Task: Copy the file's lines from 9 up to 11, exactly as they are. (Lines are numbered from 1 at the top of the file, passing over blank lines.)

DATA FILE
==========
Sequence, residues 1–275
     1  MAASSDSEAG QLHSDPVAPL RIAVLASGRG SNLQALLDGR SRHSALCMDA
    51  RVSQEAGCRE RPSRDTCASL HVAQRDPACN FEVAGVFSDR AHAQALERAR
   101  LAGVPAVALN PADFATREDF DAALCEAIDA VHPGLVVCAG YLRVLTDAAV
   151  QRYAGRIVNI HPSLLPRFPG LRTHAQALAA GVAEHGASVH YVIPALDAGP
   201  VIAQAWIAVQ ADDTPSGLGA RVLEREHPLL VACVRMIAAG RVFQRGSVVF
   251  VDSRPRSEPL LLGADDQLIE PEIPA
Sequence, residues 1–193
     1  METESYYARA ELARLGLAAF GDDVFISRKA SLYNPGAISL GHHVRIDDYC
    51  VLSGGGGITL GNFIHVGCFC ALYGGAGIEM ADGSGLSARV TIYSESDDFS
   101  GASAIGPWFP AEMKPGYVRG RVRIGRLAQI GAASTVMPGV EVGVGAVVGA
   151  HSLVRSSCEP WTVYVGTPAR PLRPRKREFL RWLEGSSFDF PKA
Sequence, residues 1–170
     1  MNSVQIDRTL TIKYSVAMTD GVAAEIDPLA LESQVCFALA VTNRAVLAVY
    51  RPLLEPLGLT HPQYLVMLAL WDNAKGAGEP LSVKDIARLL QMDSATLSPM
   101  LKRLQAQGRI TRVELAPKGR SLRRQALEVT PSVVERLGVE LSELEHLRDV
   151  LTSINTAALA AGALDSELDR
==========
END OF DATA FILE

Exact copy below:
     1  METESYYARA ELARLGLAAF GDDVFISRKA SLYNPGAISL GHHVRIDDYC
    51  VLSGGGGITL GNFIHVGCFC ALYGGAGIEM ADGSGLSARV TIYSESDDFS
   101  GASAIGPWFP AEMKPGYVRG RVRIGRLAQI GAASTVMPGV EVGVGAVVGA